Even though over ¾ of Bosnia and Herzegovina is mountainous (with minor exceptions for private ski resorts), its mountain rescue service has no professional workers. It is completely volunteer-based and relies for the funding it needs on sponsors, local government, and civil protection units. There is no central telephone number for the mountain rescue service, nor is there any guaranteed nonstop emergency service. Therefore, this year and with assistance from the CzDA, a three-year project has been launched to improve the cooperation between the rescuers in the different mountain areas, to increase their capacities, to assist with equipment, and to transfer experience from the operation of the Mountain Rescue Service in the Czech Republic. The economic situation in Bosnia and HerzegovinaContinue Reading

The majority of Zambian farmers are small or medium-sized. The main problems they face are a lack of knowledge about modern methods and insufficient business skills. Productivity is thus lower, particularly in rural areas, while incomes do not allow the necessary investments to be made and often do not even cover proper nutrition for the family. A Czech Development Agency (CzDA) project implemented by a team from Mendel University in Brno is therefore focusing on strengthening business skills and increasing incomes, and thereby the living standards of small and medium-sized farmers in Western Province. Around 8 000 tree seedlings have been planted in four areas of Zambia as part of the second phase of the project. As a consequence ofContinue Reading

While as late as 1990 the WHO reported 116 deaths for every 1,000 births in Cambodia, the situation has now improved fourfold. This is credited to a Czech Development Agency project through which health care equipment and neonatal tools, including incubators, were provided to the Pediatric Hospital in Phnom Penh. This leading clinic specializing in procedures typically beyond the capacity of regional hospitals examines some 20,000 pediatric patients every year.Despite the significant improvement in Cambodia’s infant mortality rates to a level similar to that of Indonesia or the Philippines, according to the WHO care for mothers and children here continues to lag behind. This is due to the poor quality of health care services provided in the state and privateContinue Reading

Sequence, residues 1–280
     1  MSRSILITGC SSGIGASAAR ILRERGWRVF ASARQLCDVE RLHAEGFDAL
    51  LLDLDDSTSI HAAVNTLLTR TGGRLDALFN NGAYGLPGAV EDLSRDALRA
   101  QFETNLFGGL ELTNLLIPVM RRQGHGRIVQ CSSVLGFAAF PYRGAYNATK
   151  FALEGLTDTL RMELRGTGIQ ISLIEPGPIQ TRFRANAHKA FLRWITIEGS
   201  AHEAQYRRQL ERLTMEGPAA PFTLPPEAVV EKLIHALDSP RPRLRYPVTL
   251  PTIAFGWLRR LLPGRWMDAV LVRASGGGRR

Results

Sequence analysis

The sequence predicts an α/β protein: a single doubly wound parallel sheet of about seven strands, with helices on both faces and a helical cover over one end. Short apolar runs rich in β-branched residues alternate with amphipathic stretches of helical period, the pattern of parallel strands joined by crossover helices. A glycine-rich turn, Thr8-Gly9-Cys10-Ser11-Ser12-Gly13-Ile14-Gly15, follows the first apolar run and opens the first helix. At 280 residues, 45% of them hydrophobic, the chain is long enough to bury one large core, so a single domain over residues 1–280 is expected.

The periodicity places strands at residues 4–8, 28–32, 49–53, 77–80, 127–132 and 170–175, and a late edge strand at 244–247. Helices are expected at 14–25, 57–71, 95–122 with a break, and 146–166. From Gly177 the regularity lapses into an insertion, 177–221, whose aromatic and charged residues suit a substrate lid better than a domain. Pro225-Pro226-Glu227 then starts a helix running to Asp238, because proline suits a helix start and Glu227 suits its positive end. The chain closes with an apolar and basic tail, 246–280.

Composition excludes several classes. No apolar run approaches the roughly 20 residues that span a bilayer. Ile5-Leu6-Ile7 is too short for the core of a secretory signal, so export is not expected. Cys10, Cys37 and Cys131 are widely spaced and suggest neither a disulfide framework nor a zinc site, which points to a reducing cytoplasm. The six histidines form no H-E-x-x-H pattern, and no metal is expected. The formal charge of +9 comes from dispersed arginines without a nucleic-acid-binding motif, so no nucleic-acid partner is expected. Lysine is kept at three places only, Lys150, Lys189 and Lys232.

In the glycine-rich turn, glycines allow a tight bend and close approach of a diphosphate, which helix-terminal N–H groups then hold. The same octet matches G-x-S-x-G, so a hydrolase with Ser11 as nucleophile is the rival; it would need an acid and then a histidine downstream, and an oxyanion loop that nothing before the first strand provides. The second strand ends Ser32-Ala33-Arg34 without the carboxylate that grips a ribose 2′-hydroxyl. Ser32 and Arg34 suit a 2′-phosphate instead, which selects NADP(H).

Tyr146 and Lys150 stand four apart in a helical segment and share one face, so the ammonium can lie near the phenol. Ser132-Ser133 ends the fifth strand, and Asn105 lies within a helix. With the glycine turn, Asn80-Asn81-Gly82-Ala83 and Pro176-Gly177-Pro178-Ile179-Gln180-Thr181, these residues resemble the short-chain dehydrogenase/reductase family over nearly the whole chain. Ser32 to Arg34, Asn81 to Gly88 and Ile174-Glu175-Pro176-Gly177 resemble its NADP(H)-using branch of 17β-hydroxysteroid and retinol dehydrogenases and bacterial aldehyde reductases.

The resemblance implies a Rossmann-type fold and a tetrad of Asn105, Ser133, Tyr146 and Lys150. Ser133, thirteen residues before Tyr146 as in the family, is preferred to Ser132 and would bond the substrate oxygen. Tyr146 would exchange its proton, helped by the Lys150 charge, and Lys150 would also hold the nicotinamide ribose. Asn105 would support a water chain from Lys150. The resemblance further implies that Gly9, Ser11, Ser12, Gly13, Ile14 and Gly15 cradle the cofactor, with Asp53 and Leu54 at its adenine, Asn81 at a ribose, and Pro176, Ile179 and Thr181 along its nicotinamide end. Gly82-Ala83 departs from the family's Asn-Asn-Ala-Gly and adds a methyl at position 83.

As a result of the emergence of self-proclaimed republics in eastern Ukraine, which are still beyond the control of the central government in Kiev, the universities have been evacuated from this territory. This evacuation was generally a very hasty process and teachers and students both had to leave all their equipment where it was. The same was true of the Donbas National Academy of Civil Engineering and Architecture, which, although it had received new buildings in Kramatorsk from the Ukrainian Ministry of Education and Science to keep it open, those buildings were in very bad condition. As part of the Czech Development Agency (CzDA) project the school building was first reconstructed with the help of the students themselves, after whichContinue Reading

Cambodian children’s mortality rate has dropped due to the mHealth program funded by the Czech Development Agency and implemented by People in Need.Cambodia has the highest mortality rate for new-born children in the whole of Southeast Asia. There were as many as 45 deaths for every 1,000 births in 2010. This is partly due to inadequate education among mothers and local superstitions that create obstacles to efforts to improve care for new-borns. This is successfully being resolved by a system of voicemail messages sent to Cambodian mothers directly via their mobile phones. The Czech Development Agency has therefore funded a project here in Cambodia for improving health for mothers and children in Cambodia with an emphasis on prevention and theContinue Reading

For 2018, the Czech Development Agency has declared a tender for the Development Cooperation Programme for the Private Sector (B2B Programme), which aims to support Czech companies in developing countries.Companies may request a subsidy of up to CZK 5 million with 50% co-financing to create business plans, feasibility studies or project implementation. Within the tender, 42 projects were selected from the total of 77 subsidy applications, which will be implemented this year in 26 developing countries. Among them are priority countries for development cooperation, such as Georgia, where four projects will be implemented, and Bosnia and Herzegovina with three projects. But with support from CzechAid, Czech companies are heading to even riskier markets. For instance in Mali, where GET s.r.o. will implementContinue Reading